fb-pixel Skip to main content

New law honoring Laura Levis aims to improve hospital access, avert another tragedy

Laura Levis, with her husband Peter DeMarco.
Laura Levis, with her husband Peter DeMarco.

More than four years after Laura Levis collapsed outside the locked door of a hospital emergency room and later died, a new law in her name aims to prevent another such tragedy.

Massachusetts House and Senate lawmakers enacted the law in the final hours of their formal session last week, and Governor Charlie Baker plans to sign it Friday.

The measure known as “Laura’s Law” requires the state Department of Public Health to set standards for access to hospital emergency rooms, including appropriate lighting and signage to direct people to the ER, and security and monitoring of all ER entrances.

The new regulations will take effect up to one year after the end of the state’s coronavirus emergency.


“I am proud to sign Laura’s Law and celebrate her memory in a meaningful way,” the governor said in a statement to the Globe.

Baker and state lawmakers credited Levis’s husband, Peter DeMarco, for honoring his wife’s legacy by advocating for changes that will help other people suffering health emergencies.

DeMarco detailed Levis’s life, and the many health care and emergency system failures that led to her death, in the Globe Magazine in November 2018. He explained how Levis, suffering an asthma attack, walked alone to Somerville Hospital early one morning in September 2016. She tried to enter the emergency room, but she found a locked door. She called 911, but her call was transferred.

By the time first responders found her in the dark, just 29 feet from the hospital’s main entrance, she had collapsed. Levis, 34, died after seven days in intensive care.

DeMarco, who has been pushing the legislation for nearly two years, said he was relieved the Legislature acted, particularly amid the crush of other legislative priorities during the coronavirus pandemic.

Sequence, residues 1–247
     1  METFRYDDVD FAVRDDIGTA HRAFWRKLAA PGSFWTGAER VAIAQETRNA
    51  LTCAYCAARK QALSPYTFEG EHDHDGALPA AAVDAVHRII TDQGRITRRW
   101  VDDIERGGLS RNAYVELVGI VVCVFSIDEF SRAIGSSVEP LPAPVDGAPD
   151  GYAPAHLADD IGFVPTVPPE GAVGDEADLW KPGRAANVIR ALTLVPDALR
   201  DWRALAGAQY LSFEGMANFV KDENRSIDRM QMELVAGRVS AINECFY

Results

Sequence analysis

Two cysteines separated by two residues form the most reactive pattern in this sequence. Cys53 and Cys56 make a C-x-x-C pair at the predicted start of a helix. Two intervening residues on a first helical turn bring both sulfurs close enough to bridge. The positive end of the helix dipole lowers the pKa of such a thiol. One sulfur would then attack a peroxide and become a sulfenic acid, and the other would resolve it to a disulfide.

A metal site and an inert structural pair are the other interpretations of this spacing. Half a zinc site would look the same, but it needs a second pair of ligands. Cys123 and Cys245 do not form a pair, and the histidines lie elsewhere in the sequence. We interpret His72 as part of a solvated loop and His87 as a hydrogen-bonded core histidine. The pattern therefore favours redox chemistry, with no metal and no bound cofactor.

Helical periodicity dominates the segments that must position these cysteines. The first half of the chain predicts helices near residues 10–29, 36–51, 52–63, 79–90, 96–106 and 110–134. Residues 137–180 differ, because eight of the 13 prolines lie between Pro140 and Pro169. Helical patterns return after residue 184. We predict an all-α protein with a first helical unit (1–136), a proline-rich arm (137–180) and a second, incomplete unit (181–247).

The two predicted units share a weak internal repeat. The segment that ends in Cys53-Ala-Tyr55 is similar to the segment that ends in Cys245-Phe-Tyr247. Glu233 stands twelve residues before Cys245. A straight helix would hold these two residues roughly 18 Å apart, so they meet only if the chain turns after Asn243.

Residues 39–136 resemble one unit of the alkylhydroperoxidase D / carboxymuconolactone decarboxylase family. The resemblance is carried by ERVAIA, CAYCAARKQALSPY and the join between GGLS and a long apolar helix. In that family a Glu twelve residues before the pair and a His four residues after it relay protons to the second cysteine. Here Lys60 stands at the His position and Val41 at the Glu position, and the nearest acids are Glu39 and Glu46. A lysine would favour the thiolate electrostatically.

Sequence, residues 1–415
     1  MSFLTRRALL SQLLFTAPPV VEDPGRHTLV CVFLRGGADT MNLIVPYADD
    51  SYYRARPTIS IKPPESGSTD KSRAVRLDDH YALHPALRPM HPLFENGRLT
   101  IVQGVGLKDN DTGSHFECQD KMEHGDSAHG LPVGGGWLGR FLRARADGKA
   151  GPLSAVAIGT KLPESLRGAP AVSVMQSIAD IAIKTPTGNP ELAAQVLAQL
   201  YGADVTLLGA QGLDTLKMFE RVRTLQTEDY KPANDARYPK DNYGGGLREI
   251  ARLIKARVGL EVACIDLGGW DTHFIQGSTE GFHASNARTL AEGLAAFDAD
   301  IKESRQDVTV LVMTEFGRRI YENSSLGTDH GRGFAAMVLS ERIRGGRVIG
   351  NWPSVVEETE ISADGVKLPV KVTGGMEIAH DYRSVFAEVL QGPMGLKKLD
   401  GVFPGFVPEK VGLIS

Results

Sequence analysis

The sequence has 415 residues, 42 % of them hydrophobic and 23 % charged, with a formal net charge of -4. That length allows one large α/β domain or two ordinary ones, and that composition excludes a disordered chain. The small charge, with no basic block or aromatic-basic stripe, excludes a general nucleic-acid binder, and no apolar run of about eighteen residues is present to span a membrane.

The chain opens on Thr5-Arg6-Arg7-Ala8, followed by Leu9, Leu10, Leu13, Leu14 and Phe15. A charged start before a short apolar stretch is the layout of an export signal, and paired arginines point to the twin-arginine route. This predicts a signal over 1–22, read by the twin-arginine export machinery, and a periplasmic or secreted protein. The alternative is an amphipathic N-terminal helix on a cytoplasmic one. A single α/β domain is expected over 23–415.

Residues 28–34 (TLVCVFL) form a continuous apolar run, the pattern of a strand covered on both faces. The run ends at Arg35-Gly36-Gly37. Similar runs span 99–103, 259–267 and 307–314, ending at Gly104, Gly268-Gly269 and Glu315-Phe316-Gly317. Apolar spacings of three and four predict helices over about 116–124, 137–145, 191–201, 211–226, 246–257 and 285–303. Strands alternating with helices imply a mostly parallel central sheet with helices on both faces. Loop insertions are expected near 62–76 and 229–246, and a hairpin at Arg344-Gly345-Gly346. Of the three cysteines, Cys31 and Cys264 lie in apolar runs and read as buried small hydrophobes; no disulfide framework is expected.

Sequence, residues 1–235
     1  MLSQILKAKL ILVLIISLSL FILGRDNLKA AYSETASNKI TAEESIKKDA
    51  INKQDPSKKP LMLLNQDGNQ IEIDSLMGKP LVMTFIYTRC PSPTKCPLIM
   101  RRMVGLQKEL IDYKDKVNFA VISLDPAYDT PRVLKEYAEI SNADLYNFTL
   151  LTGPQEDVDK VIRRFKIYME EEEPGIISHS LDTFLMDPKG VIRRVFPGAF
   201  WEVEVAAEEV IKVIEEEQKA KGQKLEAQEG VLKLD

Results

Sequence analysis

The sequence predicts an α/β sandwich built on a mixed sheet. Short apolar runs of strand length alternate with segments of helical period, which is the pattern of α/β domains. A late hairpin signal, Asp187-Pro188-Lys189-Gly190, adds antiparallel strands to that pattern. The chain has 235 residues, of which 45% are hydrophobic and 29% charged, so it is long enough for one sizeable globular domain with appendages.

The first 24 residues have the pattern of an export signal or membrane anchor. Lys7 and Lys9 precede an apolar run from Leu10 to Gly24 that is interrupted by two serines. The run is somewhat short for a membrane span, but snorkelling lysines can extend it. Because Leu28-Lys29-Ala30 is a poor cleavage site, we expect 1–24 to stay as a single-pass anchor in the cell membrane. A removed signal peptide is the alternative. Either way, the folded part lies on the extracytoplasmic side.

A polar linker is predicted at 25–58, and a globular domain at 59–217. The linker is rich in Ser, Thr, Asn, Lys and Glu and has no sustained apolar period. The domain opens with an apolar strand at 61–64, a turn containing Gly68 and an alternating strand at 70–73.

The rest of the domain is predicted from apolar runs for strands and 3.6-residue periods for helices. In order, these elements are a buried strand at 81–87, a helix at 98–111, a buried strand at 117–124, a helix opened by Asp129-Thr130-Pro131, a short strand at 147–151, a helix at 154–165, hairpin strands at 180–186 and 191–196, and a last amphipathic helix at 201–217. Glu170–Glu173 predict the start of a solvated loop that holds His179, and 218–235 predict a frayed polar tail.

“The simple goal is that this law will make every emergency room in every hospital in Massachusetts a lot easier to find and lot easier to get into for any patient, especially patients who are in distress,” he told the Globe. “You don’t have a minute to spare … if you’re having a severe asthma attack like Laura.


“I do think it’s going to save people’s lives,” DeMarco said. “No one else is going to die like she did because of this law.”

Cambridge Health Alliance, which operates Somerville Hospital, made updates to lighting, signage, and surveillance systems after Levis’s death. A 2019 review commissioned by Cambridge Health Alliance identified serious flaws at the hospital system but did not blame any individuals for the tragedy.

After DeMarco’s story about his wife was published, hospital officials apologized to him in person and supported his legislative effort.

“The passage of Laura’s Law is an important step toward improving the healthcare environment and a great tribute to the memory of Laura Levis,” Dr. Assaad Sayah, the chief executive of Cambridge Health Alliance, said in a statement. “We pledge our continued support to improve patient safety.”

Cambridge Health Alliance worked with the Massachusetts Health & Hospital Association to develop a set of best practices for emergency room access for all hospitals, including recommendations for employee education and coordination with public safety officials.

“The tragic death of Laura Levis has served as a clear call to action for our hospitals. They are resolved to make sure that what happened to Laura never happens again,” Emily Dulong, vice president of government advocacy at the hospital association, said in a statement.


Representative Christine P. Barber and Senator Patricia D. Jehlen, Democrats of Somerville, sponsored the law. Barber said she was pleased to see hospitals working to improve access voluntarily. But she said statewide standards are necessary.

“We really want to make sure there are strong standards for every single hospital in Massachusetts,” she said, “so no matter where any person is seeking emergency care, there are clear entrances, [and] nothing impedes or delays their care in any way.”

Lawmakers approved the bill early in the morning on Jan. 6, during the chaotic conclusion to their session. Despite widespread support, the bill’s passage wasn’t guaranteed because the pandemic delayed the legislative process in 2020 and lawmakers didn’t act on many priorities until the very end of their session.

“It’s sad that it took a tragedy like this to call attention to a problem that is not unique to that one hospital,” Jehlen said. “We have heard of other cases of people not being able to find the emergency room in other hospitals, and that’s dangerous because when people are in emergency, they need to be able to quickly get to where they want to be.”

Baker plans to sign the bill Friday afternoon at the State House with DeMarco and the bill’s sponsors by his side. Jehlen said it will be her first trip inside the State House since last March.


Priyanka Dayal McCluskey can be reached at priyanka.mccluskey@globe.com. Follow her on Twitter @priyanka_dayal.